- Come up with a game plan for how you want to pay down debt.
- Pay attention to four key factors, so you can figure out which loans to pay off first — and keep your peace of mind.
Many individuals who face whopping debts wonder what the best strategy is to pay it off.
The answer depends on multiple factors, according to Tim Steffen, director of advanced planning at Baird.
Coming up with a plan for how to handle your bills is important. Doing so will put you ahead of many Americans, more than a quarter of whom have no plans for paying off their debts, according to a recent LendingTree report.
That's an expensive misstep, considering the average credit card balance Americans are carrying has climbed to $6,375, a three percent increase from one year ago, according to Experian.
Here are four things to keep in mind when whittling down what you owe.
Look at the interest rate of the loan compared to the rate of return you could potentially earn with that cash.
"If you can earn more on that investment than you're paying on the debt, you're probably better off … keeping the debt, because you're going to earn more with that cash than you're paying," Steffen said.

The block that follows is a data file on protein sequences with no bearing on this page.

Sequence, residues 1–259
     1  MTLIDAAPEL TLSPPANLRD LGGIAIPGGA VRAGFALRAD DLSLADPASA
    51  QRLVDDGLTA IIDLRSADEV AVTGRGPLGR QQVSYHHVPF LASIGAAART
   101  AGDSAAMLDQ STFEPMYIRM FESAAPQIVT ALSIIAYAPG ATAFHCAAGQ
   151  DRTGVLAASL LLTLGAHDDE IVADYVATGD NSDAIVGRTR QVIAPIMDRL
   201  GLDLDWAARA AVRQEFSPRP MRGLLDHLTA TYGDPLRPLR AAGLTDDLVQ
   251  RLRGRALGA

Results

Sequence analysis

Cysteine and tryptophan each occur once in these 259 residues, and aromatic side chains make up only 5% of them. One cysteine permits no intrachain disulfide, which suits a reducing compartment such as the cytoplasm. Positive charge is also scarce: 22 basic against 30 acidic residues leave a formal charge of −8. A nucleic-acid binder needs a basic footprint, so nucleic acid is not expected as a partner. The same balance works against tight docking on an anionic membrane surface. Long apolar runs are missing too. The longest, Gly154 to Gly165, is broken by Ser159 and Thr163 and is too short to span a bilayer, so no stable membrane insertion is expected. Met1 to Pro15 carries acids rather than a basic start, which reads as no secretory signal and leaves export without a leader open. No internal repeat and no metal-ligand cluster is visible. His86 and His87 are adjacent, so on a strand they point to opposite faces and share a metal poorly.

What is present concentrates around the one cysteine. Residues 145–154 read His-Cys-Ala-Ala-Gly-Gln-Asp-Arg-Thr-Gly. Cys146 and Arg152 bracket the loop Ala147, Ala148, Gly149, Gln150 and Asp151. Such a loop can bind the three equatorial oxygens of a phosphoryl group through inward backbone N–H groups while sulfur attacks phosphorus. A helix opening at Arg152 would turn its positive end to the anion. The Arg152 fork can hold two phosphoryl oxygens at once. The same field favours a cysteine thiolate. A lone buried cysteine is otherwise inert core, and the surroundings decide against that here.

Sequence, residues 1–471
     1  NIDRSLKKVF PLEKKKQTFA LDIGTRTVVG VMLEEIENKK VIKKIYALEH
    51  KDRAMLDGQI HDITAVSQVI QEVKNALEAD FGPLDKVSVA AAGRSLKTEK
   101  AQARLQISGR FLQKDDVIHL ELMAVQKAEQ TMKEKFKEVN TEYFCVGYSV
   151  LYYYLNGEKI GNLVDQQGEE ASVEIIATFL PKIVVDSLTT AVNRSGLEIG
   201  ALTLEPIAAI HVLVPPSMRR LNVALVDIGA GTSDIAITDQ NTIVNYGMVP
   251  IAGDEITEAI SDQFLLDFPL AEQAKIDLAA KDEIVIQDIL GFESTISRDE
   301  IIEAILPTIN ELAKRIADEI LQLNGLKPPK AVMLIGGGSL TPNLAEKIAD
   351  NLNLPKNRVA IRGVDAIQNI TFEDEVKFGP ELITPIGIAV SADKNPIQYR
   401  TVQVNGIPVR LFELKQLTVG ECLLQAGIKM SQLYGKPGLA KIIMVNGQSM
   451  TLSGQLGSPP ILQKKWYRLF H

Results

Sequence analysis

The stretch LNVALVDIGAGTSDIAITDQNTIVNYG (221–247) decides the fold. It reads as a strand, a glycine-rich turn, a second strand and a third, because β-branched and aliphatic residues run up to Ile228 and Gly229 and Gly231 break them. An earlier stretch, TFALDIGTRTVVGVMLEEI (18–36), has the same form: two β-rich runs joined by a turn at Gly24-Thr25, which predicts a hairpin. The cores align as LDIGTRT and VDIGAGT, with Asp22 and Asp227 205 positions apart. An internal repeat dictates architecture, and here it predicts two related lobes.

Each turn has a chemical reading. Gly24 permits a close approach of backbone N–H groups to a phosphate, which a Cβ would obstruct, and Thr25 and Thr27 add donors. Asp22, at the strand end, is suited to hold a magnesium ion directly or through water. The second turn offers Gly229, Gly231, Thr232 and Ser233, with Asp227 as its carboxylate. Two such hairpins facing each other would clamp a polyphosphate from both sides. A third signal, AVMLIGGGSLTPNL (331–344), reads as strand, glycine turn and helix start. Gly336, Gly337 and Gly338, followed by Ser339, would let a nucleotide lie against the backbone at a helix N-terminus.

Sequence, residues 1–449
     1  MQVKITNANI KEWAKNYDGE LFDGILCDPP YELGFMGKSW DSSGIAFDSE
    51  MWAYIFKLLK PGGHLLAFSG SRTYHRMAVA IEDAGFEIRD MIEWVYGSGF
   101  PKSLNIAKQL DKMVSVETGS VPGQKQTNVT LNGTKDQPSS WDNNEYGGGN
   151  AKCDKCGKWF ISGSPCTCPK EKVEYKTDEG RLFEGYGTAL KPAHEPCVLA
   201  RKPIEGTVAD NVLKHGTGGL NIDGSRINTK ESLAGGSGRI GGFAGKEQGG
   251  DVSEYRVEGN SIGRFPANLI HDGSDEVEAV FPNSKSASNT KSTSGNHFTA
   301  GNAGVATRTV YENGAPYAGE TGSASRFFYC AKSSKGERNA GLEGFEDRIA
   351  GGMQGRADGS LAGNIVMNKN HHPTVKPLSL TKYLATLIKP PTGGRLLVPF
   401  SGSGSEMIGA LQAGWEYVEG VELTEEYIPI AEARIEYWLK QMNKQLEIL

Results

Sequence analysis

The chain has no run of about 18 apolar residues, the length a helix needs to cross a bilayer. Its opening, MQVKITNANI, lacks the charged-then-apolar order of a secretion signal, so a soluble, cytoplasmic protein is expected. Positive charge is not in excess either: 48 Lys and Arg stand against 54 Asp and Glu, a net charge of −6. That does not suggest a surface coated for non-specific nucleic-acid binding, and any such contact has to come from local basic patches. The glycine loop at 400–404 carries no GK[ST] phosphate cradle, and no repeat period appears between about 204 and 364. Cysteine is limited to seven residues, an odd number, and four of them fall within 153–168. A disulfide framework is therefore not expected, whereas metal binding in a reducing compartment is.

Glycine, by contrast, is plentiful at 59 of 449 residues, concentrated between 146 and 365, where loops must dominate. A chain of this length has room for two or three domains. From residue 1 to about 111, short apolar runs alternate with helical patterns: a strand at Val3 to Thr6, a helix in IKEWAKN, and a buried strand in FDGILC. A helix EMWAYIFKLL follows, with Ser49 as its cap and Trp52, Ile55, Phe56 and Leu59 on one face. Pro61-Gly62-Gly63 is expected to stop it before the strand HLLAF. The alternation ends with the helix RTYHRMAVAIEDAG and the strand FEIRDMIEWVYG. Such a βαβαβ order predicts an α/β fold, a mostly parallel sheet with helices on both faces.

List out your debts, including the balances and interest rates. (Take note if the interest is potentially tax deductible, say, for a student loan or mortgage. That will lower your borrowing costs.)
Next, prioritize the loans you pay off by interest rate, also known as the avalanche method. This strategy means that you will attack the highest cost debts first. (See infographic below.)
Another technique, the snowball method, works by paying off debts from smallest to largest. But that can be more expensive because it does not take interest into account, Steffen said.
"Some people like to focus on maybe your smallest loans and paying those off first," he said. "I tend to look at it more from what's the most expensive and let's pay those off first."
Different kinds of debt affects your life differently, positively or negatively.
Debt that helps set you up for long-term goals, like a mortgage to purchase a home or student loans to fund your education, can be considered good debt. Those loans are helping you to build an asset.
But depreciating assets that are not tax deductible, such as credit cards, are generally considered bad debt.
"Determine what's the good kind and what's the bad kind, and try to avoid the bad kind as best you can," Steffen said.
You may sleep better at night knowing that you don't have outstanding debt. In that case, it will make the most sense to pay it off.
"If it makes you feel better, if you sleep better, if you're into retirement perhaps a little better without having the debt, then by all means pay it off," Steffen said. "There's something to be said for that peace of mind."
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